Let’s talk about your vaginal microbiome and yeast infections. Sexy, right? Not! Okay, so it’s probably not high on the list of topics that you want to think about. Which is exactly why we’re here. We don’t talk about it much. There’s a lot of media coverage on your body’s stomach and oral microbiomes. You’re probably also familiar with the concept of the gut-brain connection. What’s happening inside your vagina, though, is a different story. That’s not something usually broadcast on the 10 o’clock news.
The vaginal microbiota is a bigger deal than we realize. It helps maintain your vaginal health and protects you from infections, STDs, and other diseases. That’s why we think it’s important to call it out. So, if you don’t have any idea what your microbiome is or your knowledge about this sensitive little ecosystem is limited, read on! We’re breaking it down and giving you all the intel you need. Here are five things every woman should know.
1. What Exactly is the Vaginal Microbiome?
The vaginal microbiome is pretty complicated. It’s easy to get bogged down in a lot of scientific mumbo jumbo, so we asked our Medical Advisor, Dr. Shyama Mathews to help us out with a simple explanation. “The vaginal microbiome is the environment created by the organisms we carry in our vagina,” said Dr. Mathews. “They are meant to be there, in a particular balance, which helps maintain healthy pH and moisture. When the environment shifts, like with a change in pH, or when the organism levels are disrupted by something like an overgrowth, unpleasant symptoms such as vaginal dryness, discharge, odor, and irritation can occur.” Why is this all a big deal? Because staying healthy means maintaining the right balance of good and bad bacteria. Easy enough? Well… not always.
2. Imbalances of Good and Bad Bacteria Can be a Nuisance
As Dr. Mathews mentioned, you can get infections when there’s an imbalance of good and bad bacteria. You can get rid of some of them quickly and easily with treatment; some are a bit more stubborn. Examples are yeast infections and bacterial vaginosis. Research has also indicated that imbalances also make the microbiome more conducive to Sexually Transmitted Diseases (STDs) such as Human Papillomavirus (HPV), Pelvic Inflammatory Disease, and HIV. It can also lead to preterm birth in pregnant women. Don’t freak out, though. In addition to using condoms, you can do things to protect yourself. We’ll get back to that in a minute.
3. The Balance of Good Versus Bad Bacteria Fluctuates
We know that a properly balanced vagina has about 85 percent good bacteria and 15 percent bad. The good bacteria is lactobacillus. It keeps out lactic acid and maintains a low acidic pH. The low pH prevents viruses, bacteria, and yeast from growing. So, all we have to do is maintain the 85:15 balance, and we’re good. But, here’s the catch. The balance naturally fluctuates due to factors we can’t control, such as our genetic makeup, body chemistry, and hormones. On top of that, we unintentionally do stuff that we don’t even realize can upset the balance.
4. Know Your Triggers
It’s probably not breaking news to you that a round of antibiotics can send you running to the drugstore for a box of Monistat. When the medication kills off the bad bacteria that are making you sick, it also kills off the good bacteria, allowing for an overgrowth of yeast. This one may be a surprise to you, though. Leggings and yoga pants can be harmful to your health. Yup, it’s true. Yeast loves warm, moist, dark areas. Make sure you change your clothes after a good sweat session. Stress, junk food nights, your partner’s chemistry, and soap can also be triggers.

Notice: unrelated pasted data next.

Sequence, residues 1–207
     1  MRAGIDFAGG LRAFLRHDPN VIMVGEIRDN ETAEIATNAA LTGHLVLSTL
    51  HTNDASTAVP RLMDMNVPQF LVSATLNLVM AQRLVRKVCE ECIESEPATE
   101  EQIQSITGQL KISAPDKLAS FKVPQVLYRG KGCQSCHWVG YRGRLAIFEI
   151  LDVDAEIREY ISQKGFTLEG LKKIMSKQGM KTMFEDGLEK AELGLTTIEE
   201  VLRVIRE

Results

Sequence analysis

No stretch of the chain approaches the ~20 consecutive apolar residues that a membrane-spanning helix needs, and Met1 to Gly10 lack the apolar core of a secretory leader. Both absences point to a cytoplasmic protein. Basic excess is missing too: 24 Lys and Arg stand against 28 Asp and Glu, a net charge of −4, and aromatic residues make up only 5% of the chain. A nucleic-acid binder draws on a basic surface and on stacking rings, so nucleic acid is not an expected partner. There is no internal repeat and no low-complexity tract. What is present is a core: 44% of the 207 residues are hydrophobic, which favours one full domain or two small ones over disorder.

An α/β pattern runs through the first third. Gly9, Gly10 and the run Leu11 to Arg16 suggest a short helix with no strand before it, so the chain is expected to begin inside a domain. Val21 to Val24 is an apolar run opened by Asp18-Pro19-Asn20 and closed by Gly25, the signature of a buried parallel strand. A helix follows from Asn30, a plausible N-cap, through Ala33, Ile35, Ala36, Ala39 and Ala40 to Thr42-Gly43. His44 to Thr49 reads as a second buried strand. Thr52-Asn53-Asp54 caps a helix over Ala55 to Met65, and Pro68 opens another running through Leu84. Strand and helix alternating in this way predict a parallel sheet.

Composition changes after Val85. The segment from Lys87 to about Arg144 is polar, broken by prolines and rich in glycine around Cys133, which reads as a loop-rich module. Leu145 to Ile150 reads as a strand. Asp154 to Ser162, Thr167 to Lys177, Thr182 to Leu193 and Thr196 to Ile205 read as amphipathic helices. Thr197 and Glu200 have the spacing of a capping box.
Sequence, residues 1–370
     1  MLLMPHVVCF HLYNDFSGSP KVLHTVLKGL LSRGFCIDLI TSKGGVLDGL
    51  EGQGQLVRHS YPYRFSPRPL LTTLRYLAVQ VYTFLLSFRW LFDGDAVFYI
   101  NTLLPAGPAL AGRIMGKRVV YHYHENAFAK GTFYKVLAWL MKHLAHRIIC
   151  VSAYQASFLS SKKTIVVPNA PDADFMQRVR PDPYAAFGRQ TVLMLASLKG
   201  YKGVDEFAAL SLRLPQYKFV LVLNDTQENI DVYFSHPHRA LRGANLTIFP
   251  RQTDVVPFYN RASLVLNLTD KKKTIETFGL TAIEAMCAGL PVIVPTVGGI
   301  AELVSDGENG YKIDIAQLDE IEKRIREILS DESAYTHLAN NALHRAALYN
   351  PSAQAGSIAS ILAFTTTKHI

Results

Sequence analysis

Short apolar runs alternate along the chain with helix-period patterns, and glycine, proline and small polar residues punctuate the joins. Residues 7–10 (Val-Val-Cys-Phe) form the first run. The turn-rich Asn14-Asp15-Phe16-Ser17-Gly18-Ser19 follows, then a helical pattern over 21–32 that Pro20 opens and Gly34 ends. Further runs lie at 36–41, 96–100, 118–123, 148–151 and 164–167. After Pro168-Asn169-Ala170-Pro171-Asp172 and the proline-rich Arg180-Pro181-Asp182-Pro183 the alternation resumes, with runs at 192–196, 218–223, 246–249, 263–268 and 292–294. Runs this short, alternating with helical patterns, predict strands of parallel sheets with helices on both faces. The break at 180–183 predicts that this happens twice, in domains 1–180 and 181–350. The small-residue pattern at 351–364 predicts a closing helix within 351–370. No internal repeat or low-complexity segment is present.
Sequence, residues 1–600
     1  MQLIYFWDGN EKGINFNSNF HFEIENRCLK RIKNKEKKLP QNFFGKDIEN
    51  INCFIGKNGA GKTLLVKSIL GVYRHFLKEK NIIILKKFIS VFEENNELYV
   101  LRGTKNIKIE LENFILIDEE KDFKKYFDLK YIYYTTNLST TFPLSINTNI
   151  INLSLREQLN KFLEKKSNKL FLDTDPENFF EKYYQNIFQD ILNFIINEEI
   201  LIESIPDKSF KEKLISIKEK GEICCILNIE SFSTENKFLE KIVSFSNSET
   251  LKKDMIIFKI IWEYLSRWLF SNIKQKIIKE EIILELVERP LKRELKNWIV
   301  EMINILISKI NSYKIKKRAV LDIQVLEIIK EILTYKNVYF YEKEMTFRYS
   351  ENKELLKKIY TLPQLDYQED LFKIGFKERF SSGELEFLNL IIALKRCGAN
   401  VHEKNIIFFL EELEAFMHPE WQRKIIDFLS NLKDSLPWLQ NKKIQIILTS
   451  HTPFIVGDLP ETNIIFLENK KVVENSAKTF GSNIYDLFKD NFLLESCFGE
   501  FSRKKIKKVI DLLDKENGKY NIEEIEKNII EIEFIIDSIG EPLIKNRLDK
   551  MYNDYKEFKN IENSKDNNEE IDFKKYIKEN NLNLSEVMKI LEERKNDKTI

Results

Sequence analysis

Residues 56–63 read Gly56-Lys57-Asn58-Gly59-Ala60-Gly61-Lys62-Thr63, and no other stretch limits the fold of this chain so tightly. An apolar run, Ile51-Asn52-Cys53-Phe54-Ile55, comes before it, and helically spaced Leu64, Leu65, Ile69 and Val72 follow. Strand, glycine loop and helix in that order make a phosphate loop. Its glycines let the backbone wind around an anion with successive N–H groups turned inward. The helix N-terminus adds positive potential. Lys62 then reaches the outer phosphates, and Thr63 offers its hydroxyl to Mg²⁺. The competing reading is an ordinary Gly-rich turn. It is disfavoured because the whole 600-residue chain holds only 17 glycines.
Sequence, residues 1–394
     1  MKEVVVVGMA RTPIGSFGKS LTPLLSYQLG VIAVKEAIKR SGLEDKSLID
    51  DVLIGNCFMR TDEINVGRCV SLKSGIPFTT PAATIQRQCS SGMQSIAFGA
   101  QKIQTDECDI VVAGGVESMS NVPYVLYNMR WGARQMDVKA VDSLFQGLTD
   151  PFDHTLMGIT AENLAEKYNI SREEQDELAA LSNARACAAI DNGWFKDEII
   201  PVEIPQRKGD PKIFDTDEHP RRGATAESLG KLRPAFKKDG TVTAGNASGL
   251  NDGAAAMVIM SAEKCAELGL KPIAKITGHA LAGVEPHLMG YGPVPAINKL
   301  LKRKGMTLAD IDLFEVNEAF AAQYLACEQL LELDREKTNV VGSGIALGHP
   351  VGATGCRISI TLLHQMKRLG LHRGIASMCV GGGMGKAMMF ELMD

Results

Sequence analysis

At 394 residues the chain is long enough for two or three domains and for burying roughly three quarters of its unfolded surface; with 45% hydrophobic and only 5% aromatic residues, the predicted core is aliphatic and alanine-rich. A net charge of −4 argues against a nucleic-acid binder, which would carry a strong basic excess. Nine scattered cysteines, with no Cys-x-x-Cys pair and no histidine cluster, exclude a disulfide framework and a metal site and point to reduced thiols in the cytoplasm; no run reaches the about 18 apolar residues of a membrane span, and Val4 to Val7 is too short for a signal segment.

There are also some obvious ones that may not be so obvious. After all, who would think that products designed to go into your vagina can cause an imbalance? Douching and feminine moisturizers are big no-gos. They have been proven to upset the balance of flora and are known to cause bacterial vaginosis. (01) You also have to choose your lubricant carefully. Lubricants containing glucose can cause yeast infections. It’s best to stick with lubricants containing thoughtful ingredients. Vaseline and oils aren’t a good idea either. They are only designed to be used externally. Petroleum-based products tend to dry out the surfaces they touch and could make sensitive vaginal skin more prone to infections.
5. The Power of Probiotics
If you’re a take-charge kind of woman, there’s good news. Researchers have been busy studying the effectiveness of supplementing lactobacillus and lactoferrin, a protein found in milk. (02) They have also been testing vaginal suppositories versus oral supplements. Reviews on effectiveness have been mixed. While some studies give thumbs up, others aren’t convinced.
If you’re constantly dealing with yeast infections, bacterial vaginosis, or even UTIs, you can safely experiment a bit on your own by adding some foods to your diet. Foods including yogurt, kombucha, and miso are probiotics that help maintain or improve the good bacteria in your body. Pickles and sauerkraut are also two thumbs up. The fermented foods are prebiotics that feed good bacteria. If the idea of eating yogurt or pickles makes you say “ewww,” it’s time to ask your gyno about probiotic supplements. One study shows that lactobacillius strains not only treat infections but can also help prevent them. (03) The market is flooded with options, so be sure to check with your doctor, so you know that the one you buy is proven to work for your particular need.
So, your vagina can be a little temperamental when it comes to maintaining the proper pH balance. Now you have a better idea of what can knock it out of whack and what to do if things go haywire. Thankfully, researchers are continuing to study various probiotic strains and delivery mechanisms. Be sure to stay up to date on the news and check with your doctor if you’re having problems.